In my opinion, definitely one you haven't heard yet - it's more exciting, I think. About the may not like part, I'm sure you'll be able to find some sure fire thing based on style and other works of the same composer and same singers that you already love.


    OK. Going to limit myself to four, so two new & two old

    I'll let you know
    Ann

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    Senior Member DarkAngel's Avatar
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    Quote Originally Posted by sospiro View Post
    Lucia di Lammermoor




    I got this as it does include the omitted scenes (as above) & because it's supposed to be the benchmark.

    Milnes is fabulous, Pavarotti didn't compare favourably with di Stefano or Carreras and Sutherland can only sing in vowels. Maybe seeing her live she warranted 'La Stupenda' but not on studio recording. 2/5
    There is the 1961 version in good sound with younger Sutherland at her peak technical singing voice doing amazing things with her massive vocal range and purity of high notes, although many prefer the later version you pictured above for more nuanced performance and stronger supporting cast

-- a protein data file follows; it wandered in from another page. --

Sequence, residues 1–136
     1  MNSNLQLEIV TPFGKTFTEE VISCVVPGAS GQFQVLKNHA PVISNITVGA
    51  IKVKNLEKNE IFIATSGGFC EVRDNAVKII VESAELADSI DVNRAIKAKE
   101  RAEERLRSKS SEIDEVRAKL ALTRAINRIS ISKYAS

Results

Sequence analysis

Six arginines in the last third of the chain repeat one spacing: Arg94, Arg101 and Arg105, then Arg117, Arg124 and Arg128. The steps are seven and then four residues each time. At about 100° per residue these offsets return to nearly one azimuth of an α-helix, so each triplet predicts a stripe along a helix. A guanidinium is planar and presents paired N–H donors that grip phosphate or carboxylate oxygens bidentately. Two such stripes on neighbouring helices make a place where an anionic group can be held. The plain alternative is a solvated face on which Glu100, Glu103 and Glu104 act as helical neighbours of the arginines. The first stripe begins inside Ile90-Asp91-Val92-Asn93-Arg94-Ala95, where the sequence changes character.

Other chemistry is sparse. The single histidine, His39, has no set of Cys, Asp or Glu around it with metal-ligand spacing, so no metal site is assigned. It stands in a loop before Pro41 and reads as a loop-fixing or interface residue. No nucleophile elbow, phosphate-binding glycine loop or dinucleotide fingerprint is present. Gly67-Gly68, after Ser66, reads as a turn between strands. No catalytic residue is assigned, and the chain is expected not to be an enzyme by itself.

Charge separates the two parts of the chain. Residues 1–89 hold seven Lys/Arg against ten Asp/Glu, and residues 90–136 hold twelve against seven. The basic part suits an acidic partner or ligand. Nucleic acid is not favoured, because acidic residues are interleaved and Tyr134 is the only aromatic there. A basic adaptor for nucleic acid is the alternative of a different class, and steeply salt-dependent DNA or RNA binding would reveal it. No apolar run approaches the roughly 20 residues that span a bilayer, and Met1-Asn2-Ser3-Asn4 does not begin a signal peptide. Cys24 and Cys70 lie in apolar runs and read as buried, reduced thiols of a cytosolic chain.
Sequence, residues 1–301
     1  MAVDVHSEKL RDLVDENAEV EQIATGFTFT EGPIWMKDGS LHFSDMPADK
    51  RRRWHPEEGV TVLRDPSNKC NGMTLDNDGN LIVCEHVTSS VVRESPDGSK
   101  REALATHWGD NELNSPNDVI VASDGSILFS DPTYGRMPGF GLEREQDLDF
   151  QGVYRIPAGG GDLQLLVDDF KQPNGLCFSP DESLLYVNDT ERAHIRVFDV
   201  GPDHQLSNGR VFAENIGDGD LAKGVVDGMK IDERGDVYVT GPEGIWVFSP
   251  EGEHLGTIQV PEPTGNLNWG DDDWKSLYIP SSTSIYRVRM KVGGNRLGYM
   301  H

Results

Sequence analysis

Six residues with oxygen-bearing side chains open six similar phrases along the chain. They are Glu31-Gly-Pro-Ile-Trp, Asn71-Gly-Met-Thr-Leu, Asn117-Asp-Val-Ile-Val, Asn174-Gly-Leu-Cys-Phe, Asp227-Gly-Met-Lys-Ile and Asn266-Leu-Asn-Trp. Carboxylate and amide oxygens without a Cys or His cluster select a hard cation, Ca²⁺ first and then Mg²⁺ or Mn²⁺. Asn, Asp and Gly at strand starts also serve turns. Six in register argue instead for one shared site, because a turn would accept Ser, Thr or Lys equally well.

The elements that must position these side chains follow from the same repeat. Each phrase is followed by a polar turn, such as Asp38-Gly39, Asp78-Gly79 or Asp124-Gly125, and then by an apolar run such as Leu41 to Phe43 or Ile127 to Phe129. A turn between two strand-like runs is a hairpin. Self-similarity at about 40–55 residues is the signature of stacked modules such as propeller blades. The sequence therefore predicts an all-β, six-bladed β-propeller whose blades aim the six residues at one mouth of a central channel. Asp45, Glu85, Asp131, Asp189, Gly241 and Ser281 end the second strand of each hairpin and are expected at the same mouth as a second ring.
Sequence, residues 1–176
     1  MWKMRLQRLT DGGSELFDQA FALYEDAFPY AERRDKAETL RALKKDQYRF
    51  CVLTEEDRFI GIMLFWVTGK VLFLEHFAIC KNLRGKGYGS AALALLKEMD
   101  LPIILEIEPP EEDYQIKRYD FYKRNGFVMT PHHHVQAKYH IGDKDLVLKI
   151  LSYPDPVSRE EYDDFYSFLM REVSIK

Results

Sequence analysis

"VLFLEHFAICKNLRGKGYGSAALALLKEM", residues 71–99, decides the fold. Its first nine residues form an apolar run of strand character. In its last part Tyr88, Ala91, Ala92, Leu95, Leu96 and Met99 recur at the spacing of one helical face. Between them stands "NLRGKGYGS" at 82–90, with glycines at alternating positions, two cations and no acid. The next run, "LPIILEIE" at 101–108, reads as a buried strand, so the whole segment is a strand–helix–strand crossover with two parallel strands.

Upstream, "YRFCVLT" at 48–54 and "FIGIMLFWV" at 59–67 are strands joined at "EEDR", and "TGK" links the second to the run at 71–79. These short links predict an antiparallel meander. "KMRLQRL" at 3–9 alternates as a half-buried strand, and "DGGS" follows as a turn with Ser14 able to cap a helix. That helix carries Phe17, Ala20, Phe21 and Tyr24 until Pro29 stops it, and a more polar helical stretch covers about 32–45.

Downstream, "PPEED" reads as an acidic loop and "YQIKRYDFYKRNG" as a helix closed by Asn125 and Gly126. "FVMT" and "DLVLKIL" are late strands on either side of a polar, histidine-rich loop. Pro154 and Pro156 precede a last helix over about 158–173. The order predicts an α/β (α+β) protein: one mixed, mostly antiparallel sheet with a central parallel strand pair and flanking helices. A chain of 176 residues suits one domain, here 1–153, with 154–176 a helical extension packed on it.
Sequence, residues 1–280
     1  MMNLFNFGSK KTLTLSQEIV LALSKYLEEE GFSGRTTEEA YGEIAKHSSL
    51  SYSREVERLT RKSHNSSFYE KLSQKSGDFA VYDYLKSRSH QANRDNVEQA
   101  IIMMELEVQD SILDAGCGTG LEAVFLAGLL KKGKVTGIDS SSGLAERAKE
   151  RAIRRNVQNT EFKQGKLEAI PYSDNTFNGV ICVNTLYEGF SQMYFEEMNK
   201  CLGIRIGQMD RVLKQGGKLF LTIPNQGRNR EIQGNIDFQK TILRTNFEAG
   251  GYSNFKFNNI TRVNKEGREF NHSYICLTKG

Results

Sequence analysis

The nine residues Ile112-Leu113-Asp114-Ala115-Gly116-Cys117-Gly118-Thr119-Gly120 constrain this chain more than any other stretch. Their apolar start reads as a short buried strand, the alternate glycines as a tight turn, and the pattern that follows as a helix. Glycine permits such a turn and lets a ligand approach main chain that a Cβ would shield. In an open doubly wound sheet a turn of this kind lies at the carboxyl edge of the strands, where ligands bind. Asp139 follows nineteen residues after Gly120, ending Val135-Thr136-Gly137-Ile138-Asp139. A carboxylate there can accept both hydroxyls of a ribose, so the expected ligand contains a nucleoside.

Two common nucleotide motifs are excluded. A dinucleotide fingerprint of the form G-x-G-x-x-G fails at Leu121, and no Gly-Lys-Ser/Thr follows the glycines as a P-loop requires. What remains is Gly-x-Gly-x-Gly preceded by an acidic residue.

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    Senior Member sospiro's Avatar
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    Quote Originally Posted by DarkAngel View Post
    There is the 1961 version in good sound with younger Sutherland at her peak technical singing voice doing amazing things with her massive vocal range and purity of high notes, although many prefer the later version you pictured above for more nuanced performance and stronger supporting cast

    Thanks DA. I might look out for that one once my credit card recovers from the pounding it's going to get in Italy.

    I wonder if the Donizetti Museum or the Teatro has a shop?
    Ann

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    Quote Originally Posted by Almaviva View Post
    In my opinion, definitely one you haven't heard yet - it's more exciting, I think. About the may not like part, I'm sure you'll be able to find some sure fire thing based on style and other works of the same composer and same singers that you already love.
    Ones I know & love





    Ones I've not heard


    Ann

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    Senior Member DarkAngel's Avatar
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    This is a great deal for $25 at Amazon USA......
    15 CD set of Renata Tebaldi's stereo 1950s Puccini operas, 7 total. These are not live or radio broadcast but the best sound from Decca's vaults, even today considered some of the best performances ever of these works with Tebaldi at her peak ability, booklet has synopsis but not full libretti, contents:

    Manon Lescaut 1954
    Turandot 1955
    Madama Butterfly 1958
    La Fanciulla Del West 1958
    Tosca 1959
    La Boheme 1959
    Il Trittico 1962
    Last edited by DarkAngel; Sep-06-2010 at 02:32.

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    Senior Member Sonata's Avatar